This Belgian Startup is building the Next Generation of Diagnostic Tests

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DNAlytics changes the diagnosing game. The company builds in vitro diagnosis tests that save many years for patients! I met with Thibault, the founder, to know more about the company.

Based in Louvain-La-Neuve, BelgiumDNAlytics develops revolutionary disease diagnostic processes that complement conventional methods. Their main product is RheumaKit, a test that analyzes biological and clinical data to identify and treat arthritis disease.

Thibault Helleputte is the young founder. He started his company straight after his thesis on machine learning focused on biological data analysis. Then Thibault quickly pivoted to build innovations that could impact patient’s lives and have a larger global impact. Discover his story here:

How does RheumaKit work?

RheumaKit allows a doctor to identify exactly what kind of arthritis a patient has. Then it goes further by suggesting the most appropriate treatments mechanisms.

Here is how it works: a biopsy is harvested from joint tissue, and the sample is sent to our analytic lab. An RNA analysis is done by qPCR. In addition, the doctor has to answer a series of binary questions that add more information. We cross-reference all these data, and 15 days later, the doctor receives the complete report. The doctor also gets the picture of the metabolic pathways, shedding light on which treatment might be the best match, case by case.


How does this new generation of diagnosis help patients?

There are many forms of arthritis. In about 20% of the cases, when someone is at an early stage, it is very hard to identify precisely which kind it is. Once the right type is identified, the appropriate treatment must be chosen. For rheumatoid arthritis, a first (synthetic) treatment is applied. This only works in about 60% of the cases. For the patients who are not responding to this treatment, 2nd line drugs have to be prescribed. These are biological treatments — Disease-Modifying Anti-Rheumatic Drugs, or DMARDs.

There is a dozen of such very expensive treatments, with different mechanisms of action and all with about 60% efficacy. As there is no way for the rheumatologist to objectively choose between these treatments, a trial-and-error mechanism is often initiated. The patient loses years, and the governments pay thousands of euros for nothing. This could be avoided with our solution.

DNAlytics is developing other products, other specific diagnostic tests like a colon cancer detection test from a blood sample. How many people would prefer to give a drop of blood instead of undergoing a colonoscopy?

You started working on your thesis, then you found yourself an entrepreneur starting your own company. Tell me, how did you get to start working on DNAlytics?

During my thesis, I was developing new computer analysis methods for biological data. At its beginning, DNAlytics was a university spin-off that commercialized our expertise in biological data analysis as a consulting service. But after some time we realized that the impact we had on the world was kind of limited… Further, this consulting model is not really scalable for a startup.

So, in 2014, we decided to pivot. We moved from consulting to developing innovative products that make a real impact. This is when we decided to develop new in vitro diagnostic tests, and in 2015, we built RheumaKit.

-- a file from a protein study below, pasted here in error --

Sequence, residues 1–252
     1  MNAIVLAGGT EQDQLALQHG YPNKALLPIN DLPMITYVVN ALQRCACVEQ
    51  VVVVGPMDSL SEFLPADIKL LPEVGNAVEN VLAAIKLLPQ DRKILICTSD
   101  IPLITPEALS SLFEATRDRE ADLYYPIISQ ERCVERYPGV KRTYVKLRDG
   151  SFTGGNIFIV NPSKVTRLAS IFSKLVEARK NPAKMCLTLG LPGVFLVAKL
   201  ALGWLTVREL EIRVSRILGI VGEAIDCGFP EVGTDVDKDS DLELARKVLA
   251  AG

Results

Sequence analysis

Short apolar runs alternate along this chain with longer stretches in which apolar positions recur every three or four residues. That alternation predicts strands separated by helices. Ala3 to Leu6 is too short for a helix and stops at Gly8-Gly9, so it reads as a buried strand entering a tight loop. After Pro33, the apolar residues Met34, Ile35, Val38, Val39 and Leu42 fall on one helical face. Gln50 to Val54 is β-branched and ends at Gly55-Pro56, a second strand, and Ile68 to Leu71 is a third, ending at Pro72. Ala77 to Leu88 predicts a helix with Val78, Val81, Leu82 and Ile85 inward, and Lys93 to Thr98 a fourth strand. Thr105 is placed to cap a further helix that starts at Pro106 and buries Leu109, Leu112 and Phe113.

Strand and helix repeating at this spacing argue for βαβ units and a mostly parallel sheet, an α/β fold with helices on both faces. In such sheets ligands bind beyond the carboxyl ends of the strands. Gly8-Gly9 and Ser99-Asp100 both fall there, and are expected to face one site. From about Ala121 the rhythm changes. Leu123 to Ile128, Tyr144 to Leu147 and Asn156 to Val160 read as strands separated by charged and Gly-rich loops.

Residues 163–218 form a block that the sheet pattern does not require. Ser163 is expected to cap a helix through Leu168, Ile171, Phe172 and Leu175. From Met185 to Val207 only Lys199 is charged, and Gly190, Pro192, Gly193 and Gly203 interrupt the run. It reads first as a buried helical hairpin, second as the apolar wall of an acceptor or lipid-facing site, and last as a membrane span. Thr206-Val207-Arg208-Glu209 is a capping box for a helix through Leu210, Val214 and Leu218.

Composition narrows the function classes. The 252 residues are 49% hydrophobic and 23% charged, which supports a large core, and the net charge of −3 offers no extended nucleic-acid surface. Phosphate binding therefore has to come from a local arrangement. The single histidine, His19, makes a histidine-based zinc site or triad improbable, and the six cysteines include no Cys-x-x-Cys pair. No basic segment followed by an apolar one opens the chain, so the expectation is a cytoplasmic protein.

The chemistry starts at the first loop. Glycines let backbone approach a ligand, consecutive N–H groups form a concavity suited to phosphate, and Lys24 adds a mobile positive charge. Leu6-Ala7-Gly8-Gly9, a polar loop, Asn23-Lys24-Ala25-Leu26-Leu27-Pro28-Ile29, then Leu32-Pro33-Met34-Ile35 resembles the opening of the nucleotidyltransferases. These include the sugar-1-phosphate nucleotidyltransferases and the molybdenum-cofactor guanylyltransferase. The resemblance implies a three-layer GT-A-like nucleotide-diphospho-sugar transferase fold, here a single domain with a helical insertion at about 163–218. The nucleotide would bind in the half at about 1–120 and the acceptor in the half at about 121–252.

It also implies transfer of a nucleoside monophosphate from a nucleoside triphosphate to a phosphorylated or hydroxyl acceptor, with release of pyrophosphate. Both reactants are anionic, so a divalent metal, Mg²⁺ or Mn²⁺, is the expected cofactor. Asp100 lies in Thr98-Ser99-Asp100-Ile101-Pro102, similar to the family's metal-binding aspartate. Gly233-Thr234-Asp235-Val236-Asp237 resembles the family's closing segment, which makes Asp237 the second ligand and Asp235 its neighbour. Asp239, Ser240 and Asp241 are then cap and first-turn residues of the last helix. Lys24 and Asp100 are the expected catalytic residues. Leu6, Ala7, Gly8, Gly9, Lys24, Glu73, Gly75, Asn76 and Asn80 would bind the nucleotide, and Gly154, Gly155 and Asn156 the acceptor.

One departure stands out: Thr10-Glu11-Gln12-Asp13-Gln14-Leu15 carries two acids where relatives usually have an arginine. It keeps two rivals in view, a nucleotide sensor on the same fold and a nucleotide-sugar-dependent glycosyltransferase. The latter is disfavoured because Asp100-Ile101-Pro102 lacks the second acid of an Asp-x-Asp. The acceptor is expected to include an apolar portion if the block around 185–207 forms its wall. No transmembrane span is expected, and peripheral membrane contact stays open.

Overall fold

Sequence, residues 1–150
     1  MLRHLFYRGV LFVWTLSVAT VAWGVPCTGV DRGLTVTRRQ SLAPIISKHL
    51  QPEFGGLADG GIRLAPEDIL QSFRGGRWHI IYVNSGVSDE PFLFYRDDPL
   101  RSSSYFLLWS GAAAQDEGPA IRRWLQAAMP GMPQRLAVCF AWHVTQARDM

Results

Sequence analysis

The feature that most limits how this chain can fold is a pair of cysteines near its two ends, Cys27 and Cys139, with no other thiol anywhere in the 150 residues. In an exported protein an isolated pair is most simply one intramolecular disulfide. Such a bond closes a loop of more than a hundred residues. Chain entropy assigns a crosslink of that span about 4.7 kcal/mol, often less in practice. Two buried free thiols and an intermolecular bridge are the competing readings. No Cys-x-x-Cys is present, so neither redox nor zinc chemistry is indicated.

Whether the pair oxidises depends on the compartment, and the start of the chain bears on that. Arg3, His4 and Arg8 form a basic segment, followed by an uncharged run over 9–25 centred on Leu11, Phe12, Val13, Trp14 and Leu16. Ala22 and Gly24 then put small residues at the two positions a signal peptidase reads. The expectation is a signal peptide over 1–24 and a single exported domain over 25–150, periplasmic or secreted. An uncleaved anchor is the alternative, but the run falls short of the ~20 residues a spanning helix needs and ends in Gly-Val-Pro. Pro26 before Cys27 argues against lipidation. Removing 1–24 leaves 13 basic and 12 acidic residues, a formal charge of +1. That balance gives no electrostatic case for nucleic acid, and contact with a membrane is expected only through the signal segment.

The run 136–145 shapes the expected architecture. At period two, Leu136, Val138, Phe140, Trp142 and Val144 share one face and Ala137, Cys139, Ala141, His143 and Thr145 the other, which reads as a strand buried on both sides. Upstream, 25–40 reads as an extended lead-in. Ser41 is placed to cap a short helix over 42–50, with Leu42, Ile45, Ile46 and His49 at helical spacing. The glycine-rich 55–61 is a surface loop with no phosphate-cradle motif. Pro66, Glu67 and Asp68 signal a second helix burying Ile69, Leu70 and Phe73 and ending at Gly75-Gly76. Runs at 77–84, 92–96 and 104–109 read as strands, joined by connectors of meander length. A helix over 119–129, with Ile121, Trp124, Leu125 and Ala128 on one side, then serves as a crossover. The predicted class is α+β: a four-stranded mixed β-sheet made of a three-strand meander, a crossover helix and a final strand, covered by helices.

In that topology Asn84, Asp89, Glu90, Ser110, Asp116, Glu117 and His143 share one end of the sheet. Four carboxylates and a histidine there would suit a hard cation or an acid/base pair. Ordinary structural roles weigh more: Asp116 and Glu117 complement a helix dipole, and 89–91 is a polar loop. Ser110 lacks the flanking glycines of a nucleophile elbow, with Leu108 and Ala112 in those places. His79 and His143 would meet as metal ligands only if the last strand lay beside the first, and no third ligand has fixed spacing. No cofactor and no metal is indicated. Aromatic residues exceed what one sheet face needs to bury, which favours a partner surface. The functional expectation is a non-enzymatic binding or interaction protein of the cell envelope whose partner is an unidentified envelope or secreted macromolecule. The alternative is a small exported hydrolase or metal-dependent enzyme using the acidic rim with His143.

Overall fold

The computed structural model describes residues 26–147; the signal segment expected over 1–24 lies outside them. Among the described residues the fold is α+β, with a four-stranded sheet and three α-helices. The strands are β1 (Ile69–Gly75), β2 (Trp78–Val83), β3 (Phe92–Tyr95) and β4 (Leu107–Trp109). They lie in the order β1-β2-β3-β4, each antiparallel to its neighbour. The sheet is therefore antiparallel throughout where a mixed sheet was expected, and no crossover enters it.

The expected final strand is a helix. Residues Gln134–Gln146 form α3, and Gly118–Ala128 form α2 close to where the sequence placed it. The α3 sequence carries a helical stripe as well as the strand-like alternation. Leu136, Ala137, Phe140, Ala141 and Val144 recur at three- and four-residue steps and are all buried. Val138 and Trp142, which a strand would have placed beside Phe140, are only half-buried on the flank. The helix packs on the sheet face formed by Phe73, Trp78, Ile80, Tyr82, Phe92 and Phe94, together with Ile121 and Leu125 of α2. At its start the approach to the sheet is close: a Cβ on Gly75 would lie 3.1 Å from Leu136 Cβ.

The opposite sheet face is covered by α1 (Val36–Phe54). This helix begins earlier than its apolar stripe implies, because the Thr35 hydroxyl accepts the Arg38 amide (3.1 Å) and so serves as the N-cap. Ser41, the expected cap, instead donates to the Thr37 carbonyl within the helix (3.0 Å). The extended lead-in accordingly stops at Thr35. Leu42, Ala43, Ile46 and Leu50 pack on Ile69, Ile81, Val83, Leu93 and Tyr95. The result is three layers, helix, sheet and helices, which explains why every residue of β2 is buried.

What is your vision on personalized medicine? How do you think it could evolve in the next years?

There are two mains problems that limit personalized medicine’s evolution in Europe. First, healthcare systems should reform the medical reimbursement system. Today everything is focused on treatment, and especially on drugs, while the procedure to get a medical device or diagnostic test reimbursed is much more complicated.

It is opaque, long, and mainly only accessible to big companies. Although those non-drug solutions save a lot of money for the government and often save many years for the patient, the procedure should be way easier for SMEs and startups!

The other point is to have access to medical data. The data from health care systems are rarely available to small enterprises and to startups, if available at all. I think that the governments should be able to work hand-in-hand with all the companies to make things move faster.


As more tools become available and more data is gathered, I think personalized precision built on Machine Learning will be available. But I think that for a long time doctors will bridge the gap between machine predictions and taking the final decision. In a first stage, precision medicine will help choose the most appropriate treatment; then a custom-designed cure will be made. We already see it with cellular therapy, for instance.

Finally, we have to keep in mind more ethical questioning. Should we always understand the machine’s reasoning? What if a machine takes a decision that we do not understand? I personally think that we can get through this barrier, if these innovations still go through randomized clinical trials, just as any other medical innovation.

13906641_1219167388134810_6050227780608052732_n (1)Célestin de Wergifosse is a 21-year old entrepreneur and bioengineering student. As co-founder of Young Change Maker, his dream is to change the world with biotechnology products by discovering biotech advances in untapped areas like Central and South Asia.

Images from DNAnalytics / author & Bruce Rolff, crystal light, ImageFlow, Khakimullin Aleksandr /

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